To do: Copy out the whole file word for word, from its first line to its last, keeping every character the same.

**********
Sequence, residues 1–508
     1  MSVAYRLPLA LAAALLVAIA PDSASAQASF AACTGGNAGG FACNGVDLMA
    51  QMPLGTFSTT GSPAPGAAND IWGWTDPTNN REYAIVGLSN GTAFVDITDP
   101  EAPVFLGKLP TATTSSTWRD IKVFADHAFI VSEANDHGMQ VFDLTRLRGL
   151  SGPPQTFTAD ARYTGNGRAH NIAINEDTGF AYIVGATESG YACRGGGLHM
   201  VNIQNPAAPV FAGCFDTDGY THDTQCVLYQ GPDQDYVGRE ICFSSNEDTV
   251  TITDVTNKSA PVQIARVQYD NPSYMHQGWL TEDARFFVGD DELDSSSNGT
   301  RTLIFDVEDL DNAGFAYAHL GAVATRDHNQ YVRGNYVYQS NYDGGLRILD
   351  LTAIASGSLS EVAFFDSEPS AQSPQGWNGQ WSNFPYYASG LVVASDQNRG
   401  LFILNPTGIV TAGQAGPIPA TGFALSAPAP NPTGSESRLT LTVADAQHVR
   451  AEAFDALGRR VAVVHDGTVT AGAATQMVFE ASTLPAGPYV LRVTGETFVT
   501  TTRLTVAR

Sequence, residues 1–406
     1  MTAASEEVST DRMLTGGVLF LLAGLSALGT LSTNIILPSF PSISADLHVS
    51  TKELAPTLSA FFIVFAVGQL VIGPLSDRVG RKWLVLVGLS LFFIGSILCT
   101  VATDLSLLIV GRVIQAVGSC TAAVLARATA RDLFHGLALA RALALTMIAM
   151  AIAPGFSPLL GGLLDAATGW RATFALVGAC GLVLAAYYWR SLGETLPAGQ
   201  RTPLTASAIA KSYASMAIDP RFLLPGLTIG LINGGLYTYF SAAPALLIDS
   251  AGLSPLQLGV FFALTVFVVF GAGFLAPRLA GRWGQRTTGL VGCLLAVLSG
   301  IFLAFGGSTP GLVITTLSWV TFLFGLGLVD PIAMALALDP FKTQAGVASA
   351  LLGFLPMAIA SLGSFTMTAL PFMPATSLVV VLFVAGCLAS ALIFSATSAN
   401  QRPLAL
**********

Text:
Sequence, residues 1–508
     1  MSVAYRLPLA LAAALLVAIA PDSASAQASF AACTGGNAGG FACNGVDLMA
    51  QMPLGTFSTT GSPAPGAAND IWGWTDPTNN REYAIVGLSN GTAFVDITDP
   101  EAPVFLGKLP TATTSSTWRD IKVFADHAFI VSEANDHGMQ VFDLTRLRGL
   151  SGPPQTFTAD ARYTGNGRAH NIAINEDTGF AYIVGATESG YACRGGGLHM
   201  VNIQNPAAPV FAGCFDTDGY THDTQCVLYQ GPDQDYVGRE ICFSSNEDTV
   251  TITDVTNKSA PVQIARVQYD NPSYMHQGWL TEDARFFVGD DELDSSSNGT
   301  RTLIFDVEDL DNAGFAYAHL GAVATRDHNQ YVRGNYVYQS NYDGGLRILD
   351  LTAIASGSLS EVAFFDSEPS AQSPQGWNGQ WSNFPYYASG LVVASDQNRG
   401  LFILNPTGIV TAGQAGPIPA TGFALSAPAP NPTGSESRLT LTVADAQHVR
   451  AEAFDALGRR VAVVHDGTVT AGAATQMVFE ASTLPAGPYV LRVTGETFVT
   501  TTRLTVAR

Sequence, residues 1–406
     1  MTAASEEVST DRMLTGGVLF LLAGLSALGT LSTNIILPSF PSISADLHVS
    51  TKELAPTLSA FFIVFAVGQL VIGPLSDRVG RKWLVLVGLS LFFIGSILCT
   101  VATDLSLLIV GRVIQAVGSC TAAVLARATA RDLFHGLALA RALALTMIAM
   151  AIAPGFSPLL GGLLDAATGW RATFALVGAC GLVLAAYYWR SLGETLPAGQ
   201  RTPLTASAIA KSYASMAIDP RFLLPGLTIG LINGGLYTYF SAAPALLIDS
   251  AGLSPLQLGV FFALTVFVVF GAGFLAPRLA GRWGQRTTGL VGCLLAVLSG
   301  IFLAFGGSTP GLVITTLSWV TFLFGLGLVD PIAMALALDP FKTQAGVASA
   351  LLGFLPMAIA SLGSFTMTAL PFMPATSLVV VLFVAGCLAS ALIFSATSAN
   401  QRPLAL